Indiana was the easiest out, finishing last in New America’s rankings. Hoosier basketball players graduated at an 8% federal rate, according to the most recent numbers, fare below the overall male student graduation rate of 72%. That discrepancy killed their score. Indiana basketball spokesman J.D. Campbell points out that current coach Tom Crean was hired in April 2008, after the 2004-2007 cohort captured by the federal rate enrolled in the school. Indiana’s men’s basketball team does have a perfect Academic Progress Rate, an NCAA metric that measures the academic eligibility of current players, and Campbell says that every Crean recruit that hasn’t transferred or left early for the NBA has graduated (one of Indiana’s three early entries to the NBA, Victor Oladipo of the Orlando Magic, graduated in three years).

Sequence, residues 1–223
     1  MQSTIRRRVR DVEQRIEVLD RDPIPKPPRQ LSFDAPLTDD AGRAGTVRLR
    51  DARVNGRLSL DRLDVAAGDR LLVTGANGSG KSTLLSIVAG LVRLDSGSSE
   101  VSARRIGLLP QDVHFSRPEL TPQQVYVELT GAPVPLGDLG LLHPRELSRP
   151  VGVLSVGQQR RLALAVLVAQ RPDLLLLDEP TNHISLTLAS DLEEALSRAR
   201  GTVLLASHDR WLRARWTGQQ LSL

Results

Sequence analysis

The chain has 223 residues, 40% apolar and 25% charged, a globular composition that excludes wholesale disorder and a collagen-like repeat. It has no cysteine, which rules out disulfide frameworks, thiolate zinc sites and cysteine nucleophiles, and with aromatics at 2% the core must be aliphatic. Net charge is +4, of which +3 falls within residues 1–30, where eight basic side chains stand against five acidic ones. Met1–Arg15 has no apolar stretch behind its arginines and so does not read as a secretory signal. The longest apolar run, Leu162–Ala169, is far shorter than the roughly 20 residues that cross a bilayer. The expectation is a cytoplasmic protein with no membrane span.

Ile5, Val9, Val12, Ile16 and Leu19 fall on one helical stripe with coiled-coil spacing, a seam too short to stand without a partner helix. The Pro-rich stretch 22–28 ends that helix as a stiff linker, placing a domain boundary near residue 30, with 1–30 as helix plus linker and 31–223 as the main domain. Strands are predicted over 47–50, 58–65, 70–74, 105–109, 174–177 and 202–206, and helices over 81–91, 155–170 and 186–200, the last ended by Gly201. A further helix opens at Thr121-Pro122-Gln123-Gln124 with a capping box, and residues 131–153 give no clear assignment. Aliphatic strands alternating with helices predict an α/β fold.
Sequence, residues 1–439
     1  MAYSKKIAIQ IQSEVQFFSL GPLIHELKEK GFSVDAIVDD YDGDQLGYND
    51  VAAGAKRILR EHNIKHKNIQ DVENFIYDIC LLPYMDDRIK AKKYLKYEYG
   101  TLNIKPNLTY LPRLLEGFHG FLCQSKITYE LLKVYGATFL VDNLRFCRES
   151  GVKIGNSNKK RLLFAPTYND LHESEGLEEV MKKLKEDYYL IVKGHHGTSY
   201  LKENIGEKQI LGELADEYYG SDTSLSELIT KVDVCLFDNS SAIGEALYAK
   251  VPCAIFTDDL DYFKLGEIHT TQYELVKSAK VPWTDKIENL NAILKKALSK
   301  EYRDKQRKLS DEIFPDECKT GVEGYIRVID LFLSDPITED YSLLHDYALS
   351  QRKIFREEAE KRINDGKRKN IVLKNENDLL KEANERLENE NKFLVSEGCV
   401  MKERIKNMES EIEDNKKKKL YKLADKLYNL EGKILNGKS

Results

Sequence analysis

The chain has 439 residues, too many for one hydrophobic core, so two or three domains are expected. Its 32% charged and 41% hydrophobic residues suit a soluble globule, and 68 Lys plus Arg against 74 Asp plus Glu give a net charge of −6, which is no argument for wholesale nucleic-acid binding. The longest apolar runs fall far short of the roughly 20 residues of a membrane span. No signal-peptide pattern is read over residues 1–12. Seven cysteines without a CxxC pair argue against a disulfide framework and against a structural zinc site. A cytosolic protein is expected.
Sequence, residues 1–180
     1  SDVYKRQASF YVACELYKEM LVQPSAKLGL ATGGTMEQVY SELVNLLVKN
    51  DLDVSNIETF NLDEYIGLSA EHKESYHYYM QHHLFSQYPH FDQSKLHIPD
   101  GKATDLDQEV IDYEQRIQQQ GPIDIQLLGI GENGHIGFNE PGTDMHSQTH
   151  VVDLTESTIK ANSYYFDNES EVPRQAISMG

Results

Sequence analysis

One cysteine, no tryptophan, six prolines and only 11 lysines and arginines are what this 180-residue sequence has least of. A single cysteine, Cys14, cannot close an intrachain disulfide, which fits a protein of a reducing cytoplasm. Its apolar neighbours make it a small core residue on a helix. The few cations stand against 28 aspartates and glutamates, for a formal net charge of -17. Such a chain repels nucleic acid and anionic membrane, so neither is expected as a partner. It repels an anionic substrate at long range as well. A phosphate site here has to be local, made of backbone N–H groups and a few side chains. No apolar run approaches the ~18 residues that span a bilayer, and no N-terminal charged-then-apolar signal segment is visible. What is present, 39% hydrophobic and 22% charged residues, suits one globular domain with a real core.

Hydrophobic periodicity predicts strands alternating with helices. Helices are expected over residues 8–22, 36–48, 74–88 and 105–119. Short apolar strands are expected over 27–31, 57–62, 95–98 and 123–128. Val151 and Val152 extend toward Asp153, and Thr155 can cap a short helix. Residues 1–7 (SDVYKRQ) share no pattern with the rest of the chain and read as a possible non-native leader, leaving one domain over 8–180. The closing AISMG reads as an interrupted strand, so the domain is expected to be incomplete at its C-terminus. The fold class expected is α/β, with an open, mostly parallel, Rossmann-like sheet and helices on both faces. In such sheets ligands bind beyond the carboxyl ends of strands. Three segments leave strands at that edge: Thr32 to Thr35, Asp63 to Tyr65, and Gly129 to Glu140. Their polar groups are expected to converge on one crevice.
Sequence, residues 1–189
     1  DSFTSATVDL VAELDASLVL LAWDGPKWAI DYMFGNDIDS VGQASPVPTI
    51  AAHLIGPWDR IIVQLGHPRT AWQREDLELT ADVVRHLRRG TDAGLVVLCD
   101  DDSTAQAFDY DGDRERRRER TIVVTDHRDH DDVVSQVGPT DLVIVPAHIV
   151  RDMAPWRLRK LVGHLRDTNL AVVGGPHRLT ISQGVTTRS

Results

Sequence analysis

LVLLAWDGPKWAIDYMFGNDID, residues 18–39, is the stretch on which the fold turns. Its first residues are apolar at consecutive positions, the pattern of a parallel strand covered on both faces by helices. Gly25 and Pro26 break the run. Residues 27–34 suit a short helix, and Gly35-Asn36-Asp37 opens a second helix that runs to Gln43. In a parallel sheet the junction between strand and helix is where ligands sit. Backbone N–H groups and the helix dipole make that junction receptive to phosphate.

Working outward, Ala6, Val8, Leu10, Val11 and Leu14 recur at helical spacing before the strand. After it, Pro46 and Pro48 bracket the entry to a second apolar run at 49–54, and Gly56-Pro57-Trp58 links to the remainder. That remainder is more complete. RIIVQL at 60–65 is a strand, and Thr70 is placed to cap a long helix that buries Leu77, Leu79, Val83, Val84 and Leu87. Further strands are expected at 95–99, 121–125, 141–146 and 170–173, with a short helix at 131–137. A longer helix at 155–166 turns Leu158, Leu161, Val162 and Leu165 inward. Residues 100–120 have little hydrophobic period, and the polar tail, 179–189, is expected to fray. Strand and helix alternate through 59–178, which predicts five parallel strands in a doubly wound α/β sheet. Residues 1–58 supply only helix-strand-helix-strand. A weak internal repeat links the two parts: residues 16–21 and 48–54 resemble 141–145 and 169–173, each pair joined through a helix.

To see how the whole field stacks up, check out these rankings.

Read next: The Simple Free Hack to Watch NCAA March Madness Without a Cable Bill

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TIME

Here’s How Much the Home of the Next President Is Worth

We don’t know who will replace Barack Obama in the White House, but we do know what kind of home he or she will be leaving behind. We’ve charted them below, using data from real estate sales tracker Zillow. Not surprisingly, the only former Fortune 500 executive on the list, Carly Fiorina, tops it with her $6.7 million mansion in Virginia.

Next up is the presumptive candidate from Chappaqua, N.Y., Hillary Clinton, with her $5.6 million Washington, D.C. home –a long way from Hope but just a hair above the former Arkansas governor turned commentator Mike Huckabee, whose Santa Rosa Beach house in Florida is valued at $5.5 million. Scott Walker, the Wisconsin governor, lives in the least expensive home among those whose information is available on Zillow.